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HIS Radeon R9 280 IceQ X² OC 3GB Video Card Review

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Radeon R9 280 Final Thoughts

AMD have been playing on the back foot in performance terms compared to NVIDIA and it pains me to point this out in my review articles. With Mantle in the final stages of development I hope to see AMD change the playing field considerably. Until then it is left to AIB partners such as HIS Digital to produce new SKU’s from old stock to keep the revenue coming in. We want to see if AMD really have what it takes to compete with the ‘Kepler’ GTX780 and Titan video cards, and really even out the playing field.

HIS_Radeon_R9_280_IceQ_X2_OC_3GB_Video_Card_Angle_View_03

HIS Radeon R9 280 IceQ X2 Conclusion

Before we think about ratings I will write a brief summary for each of the following; Performance, Appearance, Construction, Functionality and Value. This will aid me in giving the HIS Radeon R9 280 IceQ X2 OC 3GB video card a final score and give you a consolidated summary of the entire review. I do strongly suggest that you read the entire review, if you have not already, so that you can arrive at your own conclusion.

My performance rating of the HIS Radeon R9 280 IceQ X² OC 3GB is based on a comparison between a Radeon R9 270X and an NVIDIA GTX 770. While this isn’t the most ideal set to compare the R9 280 to, I’m hoping that you the readers will already know where these video cards stand in comparison to the GTX 760/660Ti. With a factory overclock of 953MHz, the HIS Radeon R9 280 IceQ X² OC 3GB was performing on par with an older HD7950 Radeon Video card.

I think the HIS IceQ X2 cooler looked absolutely awesome in the older black/silver design but I’m not overly keen on this new gold design. The stock box designs of the AMD reference video cards has had a snazzy makeover, but these after market designs just blow them out of the water. There is a downside to having a good looking card however. All of the after market designs that I have seen exhaust most of their warm air inside the case rather than straight out the back like the AMD stock design. Sure you get a cooler core but you will also get a warmer interior case temperature to deal with too.

The HIS Radeon R9 280 IceQ X2 OC 3GB is an extremely well constructed video card. Considering the size of the PCB and Cooler you could be forgiven for thinking it will be super heavy, but it’s not. There is a bit of weight to deal with, but HIS have this covered with their integrated component/mosfet/memory cooler that also doubles as a PCB support plate. Overall, the construction of the entire card, and layout of components are infallible.

Functionality wise, the HIS Radeon R9 280 IceQ X2 OC 3GB video card could have been better. Factory overclocked out of the box and cool and quiet operation are the strong points of this video card. HIS have pushed the GPU core but I couldn’t find much more overclocking headroom or voltage adjustments to get a meaningful boost. The default fan profile does an excellent job of keeping temperatures in check while remaining quiet. The noise of the fans at 100% isn’t really worth the temperature reduction when compared to the temperatures and noise level achieved with the default fan profile.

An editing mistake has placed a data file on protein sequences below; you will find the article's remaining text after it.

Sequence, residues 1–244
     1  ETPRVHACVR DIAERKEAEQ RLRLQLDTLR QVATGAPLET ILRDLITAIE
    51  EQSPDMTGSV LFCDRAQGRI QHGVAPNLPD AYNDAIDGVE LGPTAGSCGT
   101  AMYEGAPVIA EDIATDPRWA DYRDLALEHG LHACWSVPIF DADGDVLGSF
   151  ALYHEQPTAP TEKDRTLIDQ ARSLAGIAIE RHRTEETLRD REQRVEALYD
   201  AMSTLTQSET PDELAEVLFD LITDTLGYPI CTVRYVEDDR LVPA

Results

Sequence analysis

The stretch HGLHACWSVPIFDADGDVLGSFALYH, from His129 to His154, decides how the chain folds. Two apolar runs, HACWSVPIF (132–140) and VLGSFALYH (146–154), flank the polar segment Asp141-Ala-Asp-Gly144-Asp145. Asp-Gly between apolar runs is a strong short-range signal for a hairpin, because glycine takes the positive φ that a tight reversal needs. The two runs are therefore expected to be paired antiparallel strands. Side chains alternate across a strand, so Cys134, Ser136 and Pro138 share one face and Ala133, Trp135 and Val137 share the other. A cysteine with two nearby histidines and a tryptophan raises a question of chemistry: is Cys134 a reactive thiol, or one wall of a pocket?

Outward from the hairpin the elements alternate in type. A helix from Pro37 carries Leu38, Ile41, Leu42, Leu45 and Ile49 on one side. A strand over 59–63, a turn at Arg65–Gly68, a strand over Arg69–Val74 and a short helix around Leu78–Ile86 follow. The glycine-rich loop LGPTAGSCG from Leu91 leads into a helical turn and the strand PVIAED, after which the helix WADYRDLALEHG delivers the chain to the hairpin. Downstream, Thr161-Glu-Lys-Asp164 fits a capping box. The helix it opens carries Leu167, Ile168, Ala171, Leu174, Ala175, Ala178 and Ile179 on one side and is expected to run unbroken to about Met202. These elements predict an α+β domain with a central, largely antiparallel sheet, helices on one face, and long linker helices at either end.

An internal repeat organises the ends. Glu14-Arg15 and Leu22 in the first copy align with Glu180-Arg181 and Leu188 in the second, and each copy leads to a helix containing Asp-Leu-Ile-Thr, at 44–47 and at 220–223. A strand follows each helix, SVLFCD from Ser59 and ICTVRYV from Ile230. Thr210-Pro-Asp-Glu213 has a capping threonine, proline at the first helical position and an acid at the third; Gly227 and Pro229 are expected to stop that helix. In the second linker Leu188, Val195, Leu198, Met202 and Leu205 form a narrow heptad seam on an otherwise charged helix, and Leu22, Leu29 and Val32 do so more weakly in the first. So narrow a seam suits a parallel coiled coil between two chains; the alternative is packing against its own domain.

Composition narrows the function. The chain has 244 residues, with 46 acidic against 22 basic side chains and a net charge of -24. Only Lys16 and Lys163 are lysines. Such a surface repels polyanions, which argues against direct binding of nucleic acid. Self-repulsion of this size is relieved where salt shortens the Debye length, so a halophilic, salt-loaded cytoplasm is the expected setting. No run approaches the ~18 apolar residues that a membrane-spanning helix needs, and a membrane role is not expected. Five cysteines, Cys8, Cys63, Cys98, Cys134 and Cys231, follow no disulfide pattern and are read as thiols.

Priced online for 279.99 (NewEgg | Amazon), the HIS Radeon R9 280 IceQ X² OC 3GB Video Card is priced $20~$30 above the main competiotion but isn’t the most expensive model I have found. The question is whether or not the extra cost is worth the extra performance/functionality achieved. These cards are undoubtedly priced to take a dent out of NVIDIA’s profits and this is all good for the PC gaming community.

Unless you desperately need a current generation video card for whatever reason, you can do much better for your money at this level to buy a previous generation Radeon HD7950 if stock is still available. When the R9 series video cards were released AMD and their partners slashed prices on the older stocks. Savvy shoppers will always find a good deal and so should you, it always pays to shop around.

Pros: Benchmark Reviews Silver Tachometer Award Logo (Small)

+  factory overclock
+ Excellent design and construction
+ IceQ X2 Cooler performs brilliant
+ DirectX 11.2 ready and PCI-e 3.0 Compliant
+ Supports CrossFireX
+ UltraHD 4K display support
+ Multiple outputs – 2x mini DisplayPort / full size HDMI /DualLink DVI-I
+ Supports Triple-display and AMD HD3D Technology
+ Good power consumption figures

Cons:

- Vents exhaust inside your PC case
– No real overclocking headroom
– Price is relatively high on current market

Ratings:

  • Performance: 9.00
  • Appearance: 8.50
  • Construction: 9.50
  • Functionality: 8.75
  • Value: 8.25

Final Score: 8.80 out of 10.

Quality Recognition: Benchmark Reviews Silver Tachometer Award.

COMMENT QUESTION: What do you think of the new HIS IceQ X2 video card cooler design?

NewEgg.com

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5 comments

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  1. bnjohanson

    If you can put 6 of them in SLI in an attached tower, …it could be pretty good.

    1. RealNeil

      I have two of them in crossfire and they ~are~ pretty good.

    2. Steven Iglesias-Hearst

      You will do very well to SLI 6 of these video cards since SLI is an NVIDIA technology, and the upper limit for multiple GPU configurations is 4.

      I expect you mean CrossFireX? And even still, going above 3x CrossFireX is utterly overkill.

  2. Hassan Mujtaba

    The PCB shot is the Radeon R9 270X, not the 280 IceQ X2 OC.

    1. Steven Iglesias-Hearst

      Thanks for pointing that out for me Hassan. The review has been updated with the correct image.

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